Sisley 1 and Balm Six

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The Sisley (シスレー, shisurē) Model-1, released around May 1954, was the first product of the newly renamed Takane Kōgaku, whose previous cameras had been the Daido Six and Daido Semi. It was advertised by Sumimitsu in May 1954[1] for ¥12,500, as the "Sisley 55".[2]


The Sisley adds a non-coupled rangefinder to the Daido Six, a folder whose body was based on that for the Mihama Six. It has two windows for film numbers (for 6×6 or 6×4.5). Like all its successors, the Sisley comes with a 75mm f/3.5 lens; this one is named "Deep-C" and has front-cell focusing (calibrated in feet). The NKS-SC shutter is synchronized and provides for speeds of 1–200 and B; a plate on the front is marked for depth of field and with SISLEY.

The camera is engraved at the top Sisley and (smaller) MODEL-1, and (smaller again) PAT NO 13010, SERIAL NO (and of course the serial number) and SIZE 6X6 4.5X6. On the left (as the camera is held by the photographer) is the film wind knob. Just to the right of this are an accessory shoe and a small button to open the front of the camera. At the far right are the shutter release button and a window for the readout of the rangefinder.

There are two small eyepieces. That in the centre is for the viewfinder; translucent strips at the sides of the front of the finder show the distinction between the 4.5×6 and 6×6 views.[3] The eyepiece to the right is for the rangefinder. To the right of this is a thumbwheel for the rangefinder. The leather on the back does not seem to be marked with the name of the manufacturer.

On the centre of the outside of the lens door is a decorative silver oval plate, marked "Sisley". The struts are marked TKN (presumably for "Takane").

The name "Sisley"

"Sisley" had no particular meaning in Japan at the time other than the name of the Impressionist (English-born, French-domiciled) painter Alfred Sisley. His surname is conventionally rendered in Japanese as シスレー (Shisurē),[4] the same pronunciation as was used for this camera. French Impressionism was (and still is) hugely popular in Japan, and the name of the camera would certainly have evoked that of the painter.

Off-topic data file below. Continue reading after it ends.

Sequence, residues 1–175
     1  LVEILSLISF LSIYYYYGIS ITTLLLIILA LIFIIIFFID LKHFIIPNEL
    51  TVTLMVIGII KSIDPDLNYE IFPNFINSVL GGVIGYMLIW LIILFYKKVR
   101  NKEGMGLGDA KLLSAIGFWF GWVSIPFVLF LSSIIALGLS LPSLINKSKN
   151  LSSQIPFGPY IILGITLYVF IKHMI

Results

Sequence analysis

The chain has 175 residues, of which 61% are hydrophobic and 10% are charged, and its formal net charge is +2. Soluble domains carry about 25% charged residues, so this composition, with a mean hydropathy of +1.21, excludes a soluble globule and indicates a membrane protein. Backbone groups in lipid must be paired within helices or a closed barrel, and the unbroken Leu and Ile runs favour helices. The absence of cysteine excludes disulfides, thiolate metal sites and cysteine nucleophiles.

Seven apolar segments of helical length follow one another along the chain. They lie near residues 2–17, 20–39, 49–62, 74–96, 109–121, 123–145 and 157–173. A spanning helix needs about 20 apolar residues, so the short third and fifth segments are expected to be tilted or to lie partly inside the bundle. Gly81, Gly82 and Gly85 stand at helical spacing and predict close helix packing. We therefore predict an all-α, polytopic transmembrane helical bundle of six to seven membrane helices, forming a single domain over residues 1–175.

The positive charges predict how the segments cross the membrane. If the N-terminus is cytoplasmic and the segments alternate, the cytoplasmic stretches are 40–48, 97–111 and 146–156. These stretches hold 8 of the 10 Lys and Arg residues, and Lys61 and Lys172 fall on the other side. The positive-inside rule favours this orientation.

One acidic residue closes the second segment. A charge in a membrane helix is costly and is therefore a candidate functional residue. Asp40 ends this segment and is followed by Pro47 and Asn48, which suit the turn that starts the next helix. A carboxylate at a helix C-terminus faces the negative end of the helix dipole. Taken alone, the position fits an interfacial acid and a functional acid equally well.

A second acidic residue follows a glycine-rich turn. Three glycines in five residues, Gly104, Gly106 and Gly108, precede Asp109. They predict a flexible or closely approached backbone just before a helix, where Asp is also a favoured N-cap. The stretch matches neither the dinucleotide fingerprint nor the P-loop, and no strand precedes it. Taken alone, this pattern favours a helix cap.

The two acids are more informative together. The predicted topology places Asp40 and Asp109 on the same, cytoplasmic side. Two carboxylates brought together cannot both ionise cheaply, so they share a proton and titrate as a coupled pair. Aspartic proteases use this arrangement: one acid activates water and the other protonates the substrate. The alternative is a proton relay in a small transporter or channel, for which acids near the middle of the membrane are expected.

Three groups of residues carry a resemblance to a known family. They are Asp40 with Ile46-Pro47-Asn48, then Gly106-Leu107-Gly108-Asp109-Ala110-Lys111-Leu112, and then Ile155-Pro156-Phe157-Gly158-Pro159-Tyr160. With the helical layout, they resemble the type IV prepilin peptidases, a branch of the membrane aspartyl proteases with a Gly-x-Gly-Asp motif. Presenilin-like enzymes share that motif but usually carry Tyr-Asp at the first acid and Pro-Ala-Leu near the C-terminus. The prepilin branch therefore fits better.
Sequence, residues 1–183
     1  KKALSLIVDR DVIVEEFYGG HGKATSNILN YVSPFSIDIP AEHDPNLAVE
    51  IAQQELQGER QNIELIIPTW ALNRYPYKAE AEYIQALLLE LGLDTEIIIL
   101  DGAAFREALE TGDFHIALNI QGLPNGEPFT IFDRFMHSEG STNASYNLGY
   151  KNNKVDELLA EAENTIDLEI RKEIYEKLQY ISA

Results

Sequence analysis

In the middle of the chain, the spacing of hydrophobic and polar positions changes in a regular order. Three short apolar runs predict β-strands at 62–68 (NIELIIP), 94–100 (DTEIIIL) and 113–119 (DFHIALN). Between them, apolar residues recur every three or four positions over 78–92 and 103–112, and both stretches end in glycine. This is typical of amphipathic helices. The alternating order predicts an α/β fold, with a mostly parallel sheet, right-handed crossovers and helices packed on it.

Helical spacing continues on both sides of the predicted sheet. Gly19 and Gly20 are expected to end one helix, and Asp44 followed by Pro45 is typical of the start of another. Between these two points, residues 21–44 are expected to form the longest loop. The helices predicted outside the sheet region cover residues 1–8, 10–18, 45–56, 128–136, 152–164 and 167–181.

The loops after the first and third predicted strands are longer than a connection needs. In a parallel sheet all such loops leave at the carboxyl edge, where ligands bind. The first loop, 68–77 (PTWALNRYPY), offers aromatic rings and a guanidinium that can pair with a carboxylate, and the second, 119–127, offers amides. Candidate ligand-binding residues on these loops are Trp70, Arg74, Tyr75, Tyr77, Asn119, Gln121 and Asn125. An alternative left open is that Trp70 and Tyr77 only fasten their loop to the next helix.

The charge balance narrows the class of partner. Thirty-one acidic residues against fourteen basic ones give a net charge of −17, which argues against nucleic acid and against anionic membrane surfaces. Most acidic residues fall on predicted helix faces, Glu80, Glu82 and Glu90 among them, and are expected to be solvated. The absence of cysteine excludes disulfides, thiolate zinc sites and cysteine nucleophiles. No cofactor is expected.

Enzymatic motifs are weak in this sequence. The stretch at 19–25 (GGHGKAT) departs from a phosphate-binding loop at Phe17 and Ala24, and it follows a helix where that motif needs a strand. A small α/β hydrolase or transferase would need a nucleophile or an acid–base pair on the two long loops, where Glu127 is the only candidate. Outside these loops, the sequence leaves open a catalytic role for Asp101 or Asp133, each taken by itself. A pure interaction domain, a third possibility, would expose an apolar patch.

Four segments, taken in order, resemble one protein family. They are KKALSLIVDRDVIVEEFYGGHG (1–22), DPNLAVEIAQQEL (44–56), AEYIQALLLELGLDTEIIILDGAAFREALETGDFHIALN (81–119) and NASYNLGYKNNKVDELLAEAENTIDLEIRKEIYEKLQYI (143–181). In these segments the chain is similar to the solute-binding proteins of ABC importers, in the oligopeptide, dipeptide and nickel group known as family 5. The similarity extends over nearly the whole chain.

The Balm Six

There was a name variant called Balm Six Model-1.[5] Its top plate is marked Balm six rather than Sisley, the plate on the lens door is marked Balm six 6 X 6, the leather on the back is unmarked. Its lens is marked BALM Anastigmat. The shutter is again an NKS-SC, but there is no depth-of-field scale (and no BALM marking to correspond to SISLEY). The film pressure plate is marked TAKANE K.K (as presumably is that of the Sisley).

Beyond the Model-1

Takane's next camera in the Japanese market would be the Mine Six. Perhaps it retained the Sisley name for some export markets: one version of the Mine Six was alternatively engraved "Sisley 2A"; and, according to McKeown, another version "Sisley 3A". For these models, see the Mine Six article.


  1. Within an advertisement (also showing the "Crystar 15") in Supuringu Kamera Zensho (スプリングカメラ全書), a special May 1954 issue of Photo Art (reproduced in Hagiya, p.152); and within an advertisement (also showing the Crystar models 15, 25, and 45) in the May 1954 issue of Asahi Camera (reproduced in Kokusan kamera no rekishi, p.135).
  2. Although advertised as "Sisley 55" and so called by Hagiya, it does not seem to be marked "55". The number seems instead to have been merely a marketing invention by Sumimitsu. (Number did not simply increase with price or prestige: the "Sisley 55" was intermediate in price between the "Crystar 25" and the "Crystar 45", front-cell- and unit-focusing TLRs respectively.)
  3. Or anyway show the distinction to people who are not wearing glasses and who look carefully. This is a squinty little finder.
  4. See for example the Japanese-language Wikipedia article on Alfred Sisley.
  5. Not mentioned by Hagiya or in Kokusan kamera no rekishi, but not rare.

Sources / further reading

  • Asahi Camera (アサヒカメラ) editorial staff. Shōwa 10–40nen kōkoku ni miru kokusan kamera no rekishi (昭和10–40年広告にみる国産カメラの歴史, Japanese camera history as seen in advertisements, 1935–1965). Tokyo: Asahi Shinbunsha, 1994. ISBN 4-02-330312-7. Items 534 and 692.
  • Hagiya Takeshi (萩谷剛). "Mine Shikkusu: Gunma-ken Takasaki-shi no kameramēkā" (ミネシックス:群馬県高崎市のカメラメーカー, Mine Six: A camera-maker in Takasaki, Gunma). Chapter 7 of Zunō kamera tanjō: Sengo kokusan kamera jū monogatari (ズノーカメラ誕生:戦後国産カメラ10物語, The birth of the Zunow camera: Ten stories of postwar Japanese camera makers). Tokyo: Asahi Sonorama, 1999. ISBN 4-257-12023-1. This history of Takane is based on Hagiya's interviews with four people who had been key figures in the company.


In Japanese: